Advocates seeking to protect the Great Lakes have long been trying to keep the invasive species out of the system. The Michigan delegation had little success in seeking measures fighting the Asian Carp at the Illinois choke point during the Obama administration.

The Illinois River is infested with several varieties of Asian carp, which were imported decades ago to cleanse Southern sewage lagoons and fish farms but escaped into the Mississippi River and invaded many of its tributaries.

The Brandon Road Lock and Dam was approved in May as a way to combat the spread of the fish into the Great Lakes. The approval came shortly after the U.S. Fish and Wildlife Service announced that the environmental DNA (eDNA) of three bighead carp and three silver carp had been found in Lake Calumet, south of Chicago near the Indiana border.

The Army Corps continues to work with the state of Illinois on a design agreement that would allow the Corps to commence the pre-construction engineering and design phase, Corps spokesman Allen Marshall said.

With the design agreement in place, the Corps could begin the pre-construction engineering and design phase "as soon as funds are available, both federally and non-federally as per the cost share agreement related to this project," Marshall said.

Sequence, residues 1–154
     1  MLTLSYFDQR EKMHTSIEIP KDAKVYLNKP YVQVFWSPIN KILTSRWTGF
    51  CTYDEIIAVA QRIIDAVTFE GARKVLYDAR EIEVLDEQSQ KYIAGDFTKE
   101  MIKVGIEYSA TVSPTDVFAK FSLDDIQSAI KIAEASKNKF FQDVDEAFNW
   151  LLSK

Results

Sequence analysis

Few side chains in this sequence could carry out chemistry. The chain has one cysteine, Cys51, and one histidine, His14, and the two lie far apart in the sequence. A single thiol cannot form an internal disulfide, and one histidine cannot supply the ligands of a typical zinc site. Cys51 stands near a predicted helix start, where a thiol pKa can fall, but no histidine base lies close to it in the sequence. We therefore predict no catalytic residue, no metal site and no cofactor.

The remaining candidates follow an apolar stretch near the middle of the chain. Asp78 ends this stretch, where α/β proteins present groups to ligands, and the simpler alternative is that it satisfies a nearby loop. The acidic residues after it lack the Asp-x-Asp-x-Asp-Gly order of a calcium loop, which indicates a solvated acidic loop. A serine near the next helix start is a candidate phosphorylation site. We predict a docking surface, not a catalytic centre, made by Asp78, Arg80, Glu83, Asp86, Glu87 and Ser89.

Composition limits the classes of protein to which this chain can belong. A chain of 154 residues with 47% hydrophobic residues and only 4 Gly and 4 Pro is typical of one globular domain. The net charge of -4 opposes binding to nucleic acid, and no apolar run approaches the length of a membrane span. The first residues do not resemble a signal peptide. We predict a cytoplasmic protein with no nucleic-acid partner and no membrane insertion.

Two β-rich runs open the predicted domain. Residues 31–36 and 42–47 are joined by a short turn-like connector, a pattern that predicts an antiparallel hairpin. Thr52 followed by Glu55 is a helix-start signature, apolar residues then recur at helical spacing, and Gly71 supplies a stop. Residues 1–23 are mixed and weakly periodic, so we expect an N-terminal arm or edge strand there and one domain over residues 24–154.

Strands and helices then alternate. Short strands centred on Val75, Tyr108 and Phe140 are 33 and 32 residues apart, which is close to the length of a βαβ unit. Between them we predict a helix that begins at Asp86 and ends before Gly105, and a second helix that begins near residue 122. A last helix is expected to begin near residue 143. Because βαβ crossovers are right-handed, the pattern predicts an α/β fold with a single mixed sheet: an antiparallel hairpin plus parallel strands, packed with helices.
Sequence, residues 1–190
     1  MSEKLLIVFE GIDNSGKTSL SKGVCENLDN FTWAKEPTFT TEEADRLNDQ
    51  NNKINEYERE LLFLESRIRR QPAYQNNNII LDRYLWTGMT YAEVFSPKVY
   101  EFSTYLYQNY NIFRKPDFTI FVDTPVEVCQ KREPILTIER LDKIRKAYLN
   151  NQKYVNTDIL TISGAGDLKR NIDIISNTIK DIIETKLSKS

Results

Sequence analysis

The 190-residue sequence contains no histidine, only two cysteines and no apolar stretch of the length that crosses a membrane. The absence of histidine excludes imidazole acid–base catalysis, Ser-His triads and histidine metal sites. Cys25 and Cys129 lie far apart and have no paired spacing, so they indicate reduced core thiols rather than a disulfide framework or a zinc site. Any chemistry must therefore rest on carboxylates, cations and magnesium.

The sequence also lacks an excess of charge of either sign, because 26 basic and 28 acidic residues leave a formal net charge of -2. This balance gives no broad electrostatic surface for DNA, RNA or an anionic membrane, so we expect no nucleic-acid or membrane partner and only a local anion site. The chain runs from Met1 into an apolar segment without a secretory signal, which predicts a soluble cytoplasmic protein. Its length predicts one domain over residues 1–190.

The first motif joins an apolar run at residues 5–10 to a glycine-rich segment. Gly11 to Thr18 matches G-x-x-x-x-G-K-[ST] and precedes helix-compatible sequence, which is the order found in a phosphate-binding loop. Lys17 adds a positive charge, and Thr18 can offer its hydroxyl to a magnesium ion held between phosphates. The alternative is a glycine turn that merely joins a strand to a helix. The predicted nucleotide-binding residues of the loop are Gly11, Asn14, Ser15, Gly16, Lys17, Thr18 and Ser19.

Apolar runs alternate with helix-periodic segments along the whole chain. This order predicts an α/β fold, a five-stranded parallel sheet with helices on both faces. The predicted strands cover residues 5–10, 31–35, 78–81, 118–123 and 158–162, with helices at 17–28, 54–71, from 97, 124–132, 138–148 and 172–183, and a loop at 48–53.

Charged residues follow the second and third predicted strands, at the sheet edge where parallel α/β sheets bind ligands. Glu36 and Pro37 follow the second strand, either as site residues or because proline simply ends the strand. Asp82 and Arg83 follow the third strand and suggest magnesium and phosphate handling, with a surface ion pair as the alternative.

A line of bubbles from a bio-acoustic fish fence rises to the surface of the water at Barkley Lock and Dam where the Cumberland River meets Lake Barkley, Friday, Nov. 8, 2019, in Grand Rivers, Ky. The Michigan congressional delegation is seeking such a noise-making, bubbling, bio-acoustic barrier at an Illinois choke point to deter the spread of destructive Asian carp .

On Jan. 30, Trump told supporters during a speech in Warren that he planned to move forward with additional protections against invasive species threatening “the incredible Great Lakes.”

“I told the members that are here with me that we are going to protect the Great Lakes from Asian Carp — who would have thought that was going to happen? — and other invasive species,” he said. “It's become a big problem and we’re working on it.”

He added that the U.S. Army Corps of Engineers already had a plan in place “and we are going to get this done and ready to go.”

“It’s not easy, but we have all of the top technology and we’re going to take care of it,” Trump said. 

The Alliance for the Great Lakes criticized the lack of funding for the project in Trump’s budget less than two weeks after expressing his commitment to the project in Warren. 

“Actions speak louder than words,” said Molly Flanagan, vice president for policy at the Alliance for the Great Lakes. “President Trump’s actions reveal that he cannot be counted on to protect the environment and economy of the Great Lakes.”

Some Democrats criticized other cuts for agencies integral to clean water initiatives such as the Army Corps and U.S. Environmental Protection Agency. 

“This budget cuts critical funding for them at a time when PFAS contamination is spreading and water infrastructure is crumbling, these cuts are the wrong direction,” said U.S. Rep. Debbie Dingell, D-Dearborn.